In the postindustrial wasteland, the working class embraced an old Etonian mouthing about unleashed British potential.
Donald Trump, in his telling, could have shot somebody on Fifth Avenue and won. Boris Johnson could mislead the queen. He could break his promise to get Britain out of Europe by Oct. 31. He could lie about Turks invading Britain and the cost of European Union membership. He could make up stories about building 40 new hospitals. He could double down on the phantom $460 million a week that Brexit would deliver to the National Health Service — and still win a landslide Tory electoral victory not seen since Margaret Thatcher’s triumph in 1987.
The British, or at least the English, did not care. Truth is so 20th century. They wanted Brexit done; and, formally speaking, Johnson will now take Britain out of Europe by Jan. 31, 2020, even if all the tough decisions on relations with the union will remain. Johnson was lucky. In the pathetic, emetic Jeremy Corbyn, the soon-to-depart Labour Party leader, he faced perhaps the worst opposition candidate ever. In the Tory press, he had a ferocious friend prepared to overlook every failing. In Brexit-weary British subjects, whiplashed since the 2016 referendum, he had the perfect receptacle for his “get Brexit done.”
Johnson was also skillful, blunting Nigel Farage’s far-right Brexit Party, which stood down in many seats, took a lot of Labour votes in the seats where it did run, and ended up with nothing. The British working class, concentrated in the Midlands and the North, abandoned Labour and Corbyn’s socialism for the Tories and Johnson’s nationalism.
In the depressed provinces of institutionalized precariousness, workers embraced an old Etonian mouthing about unleashed British potential. Not a million miles from blue-collar heartland Democrats migrating to Trump the millionaire and America First demagogy.
That’s not the only parallel with American politics less than 11 months from the election. Johnson concentrated all the Brexit votes. By contrast, the pro-Remain vote was split between Corbyn’s internally divided Labour Party, the hapless Liberal Democrats, and the Scottish National Party. For anybody contemplating the divisions of the Democratic Party as compared with the Trump movement’s fanatical singleness of purpose, now reinforced by the impeachment proceedings, this can only be worrying.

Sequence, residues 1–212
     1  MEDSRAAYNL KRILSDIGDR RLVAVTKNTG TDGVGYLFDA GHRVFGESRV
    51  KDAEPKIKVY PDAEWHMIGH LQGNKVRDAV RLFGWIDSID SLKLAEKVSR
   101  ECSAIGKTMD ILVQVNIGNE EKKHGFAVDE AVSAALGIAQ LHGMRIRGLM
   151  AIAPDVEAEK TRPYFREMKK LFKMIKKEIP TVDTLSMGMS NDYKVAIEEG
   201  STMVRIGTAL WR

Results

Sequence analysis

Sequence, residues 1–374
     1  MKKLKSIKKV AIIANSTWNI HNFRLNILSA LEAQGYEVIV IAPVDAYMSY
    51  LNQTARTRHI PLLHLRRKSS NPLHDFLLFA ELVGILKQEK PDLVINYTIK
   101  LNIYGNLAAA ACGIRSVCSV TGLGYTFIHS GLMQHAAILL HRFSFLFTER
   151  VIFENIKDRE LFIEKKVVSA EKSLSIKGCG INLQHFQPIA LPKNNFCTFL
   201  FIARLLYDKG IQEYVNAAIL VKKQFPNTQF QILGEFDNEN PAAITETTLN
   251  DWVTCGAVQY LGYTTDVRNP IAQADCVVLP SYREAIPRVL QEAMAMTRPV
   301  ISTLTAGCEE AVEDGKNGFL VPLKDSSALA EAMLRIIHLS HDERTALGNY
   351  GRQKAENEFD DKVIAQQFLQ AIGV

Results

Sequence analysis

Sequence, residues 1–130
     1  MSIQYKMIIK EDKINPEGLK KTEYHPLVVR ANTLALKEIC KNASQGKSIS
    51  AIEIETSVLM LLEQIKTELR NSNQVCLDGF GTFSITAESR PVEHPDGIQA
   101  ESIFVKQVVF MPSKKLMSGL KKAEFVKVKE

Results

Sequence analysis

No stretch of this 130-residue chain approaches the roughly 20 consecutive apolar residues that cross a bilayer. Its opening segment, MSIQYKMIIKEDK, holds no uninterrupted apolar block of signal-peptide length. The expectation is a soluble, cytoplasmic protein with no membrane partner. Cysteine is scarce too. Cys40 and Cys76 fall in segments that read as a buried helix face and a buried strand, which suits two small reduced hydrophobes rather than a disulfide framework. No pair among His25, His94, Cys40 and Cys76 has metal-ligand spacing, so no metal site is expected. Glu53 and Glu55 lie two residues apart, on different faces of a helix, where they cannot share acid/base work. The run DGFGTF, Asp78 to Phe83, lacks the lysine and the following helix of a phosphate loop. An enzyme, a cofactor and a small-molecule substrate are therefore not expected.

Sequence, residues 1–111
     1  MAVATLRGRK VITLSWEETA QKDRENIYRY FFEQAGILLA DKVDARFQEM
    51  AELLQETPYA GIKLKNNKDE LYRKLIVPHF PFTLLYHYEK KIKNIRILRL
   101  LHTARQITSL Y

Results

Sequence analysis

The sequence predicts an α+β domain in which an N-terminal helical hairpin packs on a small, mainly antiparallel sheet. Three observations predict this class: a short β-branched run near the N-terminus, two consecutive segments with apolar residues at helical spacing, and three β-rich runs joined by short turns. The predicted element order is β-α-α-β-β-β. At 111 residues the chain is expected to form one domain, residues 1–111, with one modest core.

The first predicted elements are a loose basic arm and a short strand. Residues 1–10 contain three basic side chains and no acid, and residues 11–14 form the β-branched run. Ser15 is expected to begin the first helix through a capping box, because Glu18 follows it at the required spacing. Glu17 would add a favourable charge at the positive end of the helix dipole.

The clear rejection of Labour’s big-government socialism also looks ominous for Democrats who believe the party can lurch left and win. The British working class did not buy nationalized railways, electricity distribution and water utilities when they could stick it to some faceless bureaucrat in Brussels and — in that phrase as immortal as it is meaningless — take back their country.
It’s a whole new world. To win, liberals have to touch people’s emotions rather than give earnest lessons. They have to cease being arid. They have to refresh and connect. It’s not easy.
Facebook reaches about one-third of humanity. It is more powerful than any political party — and it’s full of untruths, bigotry and nonsense. As Sacha Baron Cohen, the British actor, said last month of the social media behemoths: “The truth is that these companies won’t fundamentally change because their entire business model relies on generating more engagement, and nothing generates more engagement than lies, fear and outrage.”
That’s the story of Brexit, a national tragedy. That’s the story of Johnson, the man of no convictions. That’s the story of Trump, who makes puppets of people through manipulation of outrage and disregard for truth. That’s the story of our times. Johnson gets and fits those times better than most. He’s a natural.
“Brexit and Trump were inextricably linked in 2016, and they are inextricably linked today,” Steve Bannon told me. “Johnson foreshadows a big Trump win. Working-class people are tired of their ‘betters’ in New York, London, Brussels telling them how to live and what to do. Corbyn the socialist program, not Corbyn the man, got crushed. If Democrats don’t take the lesson, Trump is headed for a Reagan-like ’84 victory.”